• When grilling vegetables, avoid those with high water content

     I’ve collected a number of grilling recipes over the years, dividing them into entrees, side dishes and dessert categories. Outdoor grilling isn’t just for steaks, hamburgers or hot dogs. Try grilling combinations of different vegetables or even fruits.

    Many vegetables do really well on a grill, but try to avoid those with a high water content, like cucumbers, celery or greens. Some of the best grilling vegetables are asparagus, eggplant, onions, a variety of peppers and even cabbage.


  • Moussaka is to Greeks what lasagna is to Italians

     Are you one of those many gardeners, like myself, wondering what to do with all these eggplants that just seem to keep showing up? Eggplants are available year-round in our area, but are more plentiful in the summer months. They are best used within a few days while they are still fresh.

  • Labor Day pays tribute to the American worker

      “Labor Day differs in every essential way from the other holidays of the year in any country,” said Samuel Gompers, founder and longtime president of the American Federation of Labor. “Labor Day ... is devoted to no man, living or dead, to no sect, race, or nation.”

    To that end, it’s appropriate that we pay tribute on Labor Day to the creator of our nation's strength, freedom and leadership: the American worker.

  • All-purpose vinegar is not just for cooking


    I’ve read that vinegar was accidentally discovered more than 10,000 years ago when someone, after a batch of wine had gone bad, wondered what could be done with the sour wine. Today, vinegar probably has more uses than any other product I can recall.

    The name is from the French “vinaigre,” which literally means sour wine.


  • Any respectable kitchen needs these essential herbs and spices

    For those who aren’t quite sure what the difference is between herbs and spices, most herbs come from grassy plants and spices from barks or seeds. Another distinction is that herbs tend to grow in temperate climates, while most spices come primarily from tropical regions.

    But in this day and age, “spice” has also come to mean all dried plant seasonings, including spices, herbs, blends and dehydrated vegetables.

  • Enjoy these hot summer days while keeping cool in the kitchen

     When it’s hot outside and you’re entertaining guests, or just hanging around with your better half, the last thing you want to do is turn on the oven and spend more time in a roasting kitchen than you have to.

    While your outside grill is occupied with the main course, you can have some make-ahead appetizers ready to go. Just pull these special dishes out of the fridge and serve cold or warmed slightly. And don’t forget to have plenty of cool beverages on hand during these hot, summer days of August.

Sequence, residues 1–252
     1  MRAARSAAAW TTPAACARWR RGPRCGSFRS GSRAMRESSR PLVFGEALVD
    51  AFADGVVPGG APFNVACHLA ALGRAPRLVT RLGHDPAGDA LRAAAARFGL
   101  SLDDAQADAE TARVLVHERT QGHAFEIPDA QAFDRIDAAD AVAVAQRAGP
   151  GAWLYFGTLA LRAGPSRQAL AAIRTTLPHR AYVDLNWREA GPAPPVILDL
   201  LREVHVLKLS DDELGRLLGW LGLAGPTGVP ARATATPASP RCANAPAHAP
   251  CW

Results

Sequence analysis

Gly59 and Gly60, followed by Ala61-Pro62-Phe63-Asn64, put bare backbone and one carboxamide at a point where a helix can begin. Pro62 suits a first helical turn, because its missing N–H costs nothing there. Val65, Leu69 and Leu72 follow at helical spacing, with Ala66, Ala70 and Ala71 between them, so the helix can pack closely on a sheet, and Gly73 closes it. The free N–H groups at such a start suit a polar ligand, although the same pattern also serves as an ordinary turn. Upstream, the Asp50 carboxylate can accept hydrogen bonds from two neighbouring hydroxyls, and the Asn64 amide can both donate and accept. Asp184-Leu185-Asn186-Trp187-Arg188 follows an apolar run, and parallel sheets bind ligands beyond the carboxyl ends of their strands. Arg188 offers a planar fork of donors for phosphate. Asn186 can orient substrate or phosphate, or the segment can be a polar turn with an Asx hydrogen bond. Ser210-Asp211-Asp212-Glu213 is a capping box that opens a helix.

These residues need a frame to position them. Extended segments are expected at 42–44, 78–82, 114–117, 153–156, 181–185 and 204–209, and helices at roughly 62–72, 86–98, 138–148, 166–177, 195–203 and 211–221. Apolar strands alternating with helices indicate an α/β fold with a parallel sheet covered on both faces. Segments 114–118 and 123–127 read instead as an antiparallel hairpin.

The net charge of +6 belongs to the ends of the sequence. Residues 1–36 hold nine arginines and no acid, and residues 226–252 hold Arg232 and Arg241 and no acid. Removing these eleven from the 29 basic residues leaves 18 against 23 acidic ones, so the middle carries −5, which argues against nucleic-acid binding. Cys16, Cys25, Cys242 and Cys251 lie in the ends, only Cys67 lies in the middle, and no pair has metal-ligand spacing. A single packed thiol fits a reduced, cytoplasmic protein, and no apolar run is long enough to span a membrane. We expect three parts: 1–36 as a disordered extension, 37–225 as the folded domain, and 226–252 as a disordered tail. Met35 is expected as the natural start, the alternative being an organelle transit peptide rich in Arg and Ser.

• Beef Wellington is a simple, elegant dish perfect for a dinner party

     Named after Arthur Wellesley, the first the Duke of Wellington, this dish became an entertaining extravaganza back in the 1960s.

    Beef Wellington is an English preparation of filet of beef tenderloin assembled with liver pate and duxelles, a finely chopped mixture of mushrooms and onions sautéed in butter and reduced to a paste, and then encased in a puff pastry, making the outside buttery and crispy. This dish should always be served with the center slightly pink.

  • Bringing back memories of classic Steak Diane served at tableside


  • What cut of beef do I buy for London broil?

     First of all, London broil is a cooking method, not a cut of beef, but many grocery store meat departments and butcher shops sell a cut of beef labeled “London broil.” What cut of beef is it? It is usually either top round roast or top round steak

    No one knows where the “London” comes from in the name, since this is a decidedly American dish, but it has become such a popular cooking method that many butchers simply use the term “London broil” since the method has become nearly synonymous with that cut of meat.


  • Local farmers markets have an abundance of fruits and veggies

     Fruits and vegetables are now at the peak of their season, so all you have to do is just clean them, peel or cut them and just toss them into a salad bowl and enjoy their raw, fresh taste.

    Local farmers markets like Indigo Farms Produce and Holden Bros. Farm Market have an abundance of lettuces, squash, berries, corn, cucumbers, peppers, peas, fruits, melons, and, of course, tomatoes. Take home everything that looks good, but don’t worry about how you’re going to use it all; you only need a salad bowl and an appetite.